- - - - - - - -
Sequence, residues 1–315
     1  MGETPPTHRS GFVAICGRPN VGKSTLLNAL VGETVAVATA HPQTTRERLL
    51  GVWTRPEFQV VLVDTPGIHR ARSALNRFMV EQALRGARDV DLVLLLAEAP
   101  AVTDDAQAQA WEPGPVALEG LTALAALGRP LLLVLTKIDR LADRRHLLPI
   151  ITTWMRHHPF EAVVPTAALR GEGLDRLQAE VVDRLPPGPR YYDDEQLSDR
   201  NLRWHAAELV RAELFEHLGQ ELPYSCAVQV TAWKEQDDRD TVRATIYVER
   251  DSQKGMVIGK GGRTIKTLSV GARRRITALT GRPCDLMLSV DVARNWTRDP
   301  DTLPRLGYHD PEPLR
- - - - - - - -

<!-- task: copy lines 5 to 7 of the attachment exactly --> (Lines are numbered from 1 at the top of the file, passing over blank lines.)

   151  ITTWMRHHPF EAVVPTAALR GEGLDRLQAE VVDRLPPGPR YYDDEQLSDR
   201  NLRWHAAELV RAELFEHLGQ ELPYSCAVQV TAWKEQDDRD TVRATIYVER
   251  DSQKGMVIGK GGRTIKTLSV GARRRITALT GRPCDLMLSV DVARNWTRDP